IT MAY be ten months until the next Holyrood elections, but already the SNP seems on course for an unprecedented third term in office.
An astonishing poll this week confirmed the trends of recent surveys which put support for Nicola Sturgeon’s party at 55 per cent in Scotland – ten points up on the vote share Alex Salmond secured four years ago when he won a shock Holyrood majority.
So what are the issues which will dominate Nicola Sturgeon’s inbox if she is returned to power?
The messy businesses of sorting out the council tax and knock-on of the near ten-year freeze can surely no longer be put off. It now costs more than £500 million a year to fund the freeze through Scottish Government cash for councils to offset the loss of revenue from basic inflationary hikes.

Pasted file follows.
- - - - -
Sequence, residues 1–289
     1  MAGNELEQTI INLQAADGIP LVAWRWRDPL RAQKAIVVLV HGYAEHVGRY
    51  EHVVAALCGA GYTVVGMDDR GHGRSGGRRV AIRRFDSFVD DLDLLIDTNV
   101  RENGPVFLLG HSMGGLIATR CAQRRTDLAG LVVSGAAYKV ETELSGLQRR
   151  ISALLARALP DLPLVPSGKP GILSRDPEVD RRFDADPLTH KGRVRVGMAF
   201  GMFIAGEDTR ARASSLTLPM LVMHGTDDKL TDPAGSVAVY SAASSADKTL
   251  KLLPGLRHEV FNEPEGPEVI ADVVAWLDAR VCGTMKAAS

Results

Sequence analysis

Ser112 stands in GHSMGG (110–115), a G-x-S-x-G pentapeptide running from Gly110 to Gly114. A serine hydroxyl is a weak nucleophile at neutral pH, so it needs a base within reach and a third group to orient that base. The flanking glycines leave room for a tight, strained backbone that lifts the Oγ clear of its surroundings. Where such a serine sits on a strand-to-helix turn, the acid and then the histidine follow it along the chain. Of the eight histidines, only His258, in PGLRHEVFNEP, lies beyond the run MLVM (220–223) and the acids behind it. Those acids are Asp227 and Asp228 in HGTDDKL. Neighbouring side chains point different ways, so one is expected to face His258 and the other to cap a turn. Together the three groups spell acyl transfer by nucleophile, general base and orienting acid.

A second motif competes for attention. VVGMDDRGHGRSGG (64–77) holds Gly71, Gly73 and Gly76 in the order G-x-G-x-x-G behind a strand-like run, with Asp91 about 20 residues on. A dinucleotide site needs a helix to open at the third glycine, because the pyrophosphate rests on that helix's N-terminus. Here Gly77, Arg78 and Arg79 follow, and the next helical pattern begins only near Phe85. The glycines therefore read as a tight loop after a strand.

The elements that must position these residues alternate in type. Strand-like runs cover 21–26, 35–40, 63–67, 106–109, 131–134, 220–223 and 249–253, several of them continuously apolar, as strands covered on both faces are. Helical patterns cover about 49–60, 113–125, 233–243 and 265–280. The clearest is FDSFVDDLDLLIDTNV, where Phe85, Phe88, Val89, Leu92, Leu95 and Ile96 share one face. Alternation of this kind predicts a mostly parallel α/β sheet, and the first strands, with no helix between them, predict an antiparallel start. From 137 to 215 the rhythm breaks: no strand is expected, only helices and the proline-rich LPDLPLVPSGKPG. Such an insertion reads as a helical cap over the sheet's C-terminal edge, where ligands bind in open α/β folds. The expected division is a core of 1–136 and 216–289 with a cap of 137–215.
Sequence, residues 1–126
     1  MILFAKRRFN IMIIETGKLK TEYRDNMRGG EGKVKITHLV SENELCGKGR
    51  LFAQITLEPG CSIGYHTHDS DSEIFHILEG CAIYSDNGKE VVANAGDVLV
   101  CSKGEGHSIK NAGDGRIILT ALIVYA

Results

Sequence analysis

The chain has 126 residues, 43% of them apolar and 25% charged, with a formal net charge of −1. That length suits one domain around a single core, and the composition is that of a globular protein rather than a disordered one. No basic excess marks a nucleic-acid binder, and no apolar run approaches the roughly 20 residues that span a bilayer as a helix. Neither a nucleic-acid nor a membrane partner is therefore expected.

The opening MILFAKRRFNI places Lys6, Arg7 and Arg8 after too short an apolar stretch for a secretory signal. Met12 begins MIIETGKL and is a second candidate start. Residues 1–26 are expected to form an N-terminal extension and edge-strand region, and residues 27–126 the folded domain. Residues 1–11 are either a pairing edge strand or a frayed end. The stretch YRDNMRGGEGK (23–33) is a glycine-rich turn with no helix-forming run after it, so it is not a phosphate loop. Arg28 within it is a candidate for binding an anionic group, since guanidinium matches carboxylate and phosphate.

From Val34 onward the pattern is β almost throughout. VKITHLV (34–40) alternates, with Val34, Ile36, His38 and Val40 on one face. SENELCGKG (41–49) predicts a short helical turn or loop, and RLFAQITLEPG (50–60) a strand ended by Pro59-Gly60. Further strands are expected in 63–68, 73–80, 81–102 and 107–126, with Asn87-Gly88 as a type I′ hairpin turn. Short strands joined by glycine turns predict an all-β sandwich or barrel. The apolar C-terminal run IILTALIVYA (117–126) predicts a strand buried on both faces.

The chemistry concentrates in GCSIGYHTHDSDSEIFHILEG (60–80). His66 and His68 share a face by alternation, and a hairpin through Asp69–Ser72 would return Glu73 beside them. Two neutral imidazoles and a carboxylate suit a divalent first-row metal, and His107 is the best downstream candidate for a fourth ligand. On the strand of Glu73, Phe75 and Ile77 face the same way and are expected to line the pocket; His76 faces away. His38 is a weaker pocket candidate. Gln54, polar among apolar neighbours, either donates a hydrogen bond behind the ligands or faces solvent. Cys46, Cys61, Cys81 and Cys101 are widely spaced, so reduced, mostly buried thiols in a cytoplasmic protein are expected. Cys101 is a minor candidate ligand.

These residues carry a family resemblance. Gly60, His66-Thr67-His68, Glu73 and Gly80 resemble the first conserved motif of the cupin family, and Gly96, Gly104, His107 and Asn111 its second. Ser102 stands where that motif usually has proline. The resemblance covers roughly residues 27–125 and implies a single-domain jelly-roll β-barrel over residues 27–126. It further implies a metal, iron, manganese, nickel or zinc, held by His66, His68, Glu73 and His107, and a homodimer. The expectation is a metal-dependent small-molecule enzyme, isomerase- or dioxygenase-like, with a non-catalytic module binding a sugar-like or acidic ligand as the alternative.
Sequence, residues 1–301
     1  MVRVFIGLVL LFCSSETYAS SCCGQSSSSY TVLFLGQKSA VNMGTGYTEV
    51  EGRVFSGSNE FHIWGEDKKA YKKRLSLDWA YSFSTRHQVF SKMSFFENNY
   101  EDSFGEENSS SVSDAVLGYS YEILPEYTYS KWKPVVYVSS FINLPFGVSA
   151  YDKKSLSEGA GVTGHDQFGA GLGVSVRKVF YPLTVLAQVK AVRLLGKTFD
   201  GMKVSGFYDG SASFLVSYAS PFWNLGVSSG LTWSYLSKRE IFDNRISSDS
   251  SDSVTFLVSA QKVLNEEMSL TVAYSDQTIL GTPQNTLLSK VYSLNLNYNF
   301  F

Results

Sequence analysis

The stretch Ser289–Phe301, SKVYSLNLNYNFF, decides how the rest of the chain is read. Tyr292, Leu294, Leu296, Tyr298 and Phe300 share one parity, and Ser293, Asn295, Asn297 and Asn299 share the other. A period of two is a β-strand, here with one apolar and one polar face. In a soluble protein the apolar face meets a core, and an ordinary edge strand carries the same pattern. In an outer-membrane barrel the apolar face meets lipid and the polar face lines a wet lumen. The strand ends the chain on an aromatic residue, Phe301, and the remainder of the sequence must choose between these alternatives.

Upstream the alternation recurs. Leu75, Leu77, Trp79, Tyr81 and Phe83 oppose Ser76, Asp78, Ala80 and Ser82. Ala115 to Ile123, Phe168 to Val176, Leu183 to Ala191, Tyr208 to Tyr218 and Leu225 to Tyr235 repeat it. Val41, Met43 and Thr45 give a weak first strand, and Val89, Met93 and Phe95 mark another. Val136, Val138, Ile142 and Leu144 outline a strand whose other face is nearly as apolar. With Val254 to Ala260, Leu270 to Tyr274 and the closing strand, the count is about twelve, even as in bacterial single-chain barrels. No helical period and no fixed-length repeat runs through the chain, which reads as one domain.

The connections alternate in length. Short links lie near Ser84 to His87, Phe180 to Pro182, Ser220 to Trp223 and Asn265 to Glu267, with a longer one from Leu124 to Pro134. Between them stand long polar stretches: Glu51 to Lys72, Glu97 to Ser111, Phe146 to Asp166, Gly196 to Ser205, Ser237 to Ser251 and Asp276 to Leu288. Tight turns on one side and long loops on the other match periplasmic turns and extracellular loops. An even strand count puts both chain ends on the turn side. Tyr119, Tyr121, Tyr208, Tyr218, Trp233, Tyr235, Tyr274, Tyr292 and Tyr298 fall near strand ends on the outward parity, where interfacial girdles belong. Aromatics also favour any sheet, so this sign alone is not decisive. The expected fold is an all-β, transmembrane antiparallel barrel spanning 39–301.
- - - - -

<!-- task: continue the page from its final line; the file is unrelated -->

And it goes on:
Ms Sturgeon has established a commission to look into alternatives, but the SNP Government has previously backed a local income tax and this would appear the most likely contender. But with Holyrood poised to gain sweeping new powers over income tax next year, it remains to be seen what appetite there will be for another major fiscal shake-up.
One area where a Holyrood majority –unthinkable at the outset of devolution – will give the Nationalists a strong mandate to forge ahead is on land reform. Powerful landed interests oppose the changes which could open parts of major estates to enforced sell-offs to the local communities. But Ms Sturgeon has insisted the issue is “unfinished business” from the flagship Right to Roam reforms of the first Parliament.
Childcare is something Ms Sturgeon has placed at the top of the political agenda as she aims to get a generation of women back into the workplace. She has pledged Scotland will have an effective full-time system of childcare by 2020 under the SNP. But campaigning mothers have claimed thousands of parents are already losing out on their free current entitlement and cynics will say creating a universal system is highly ambitious.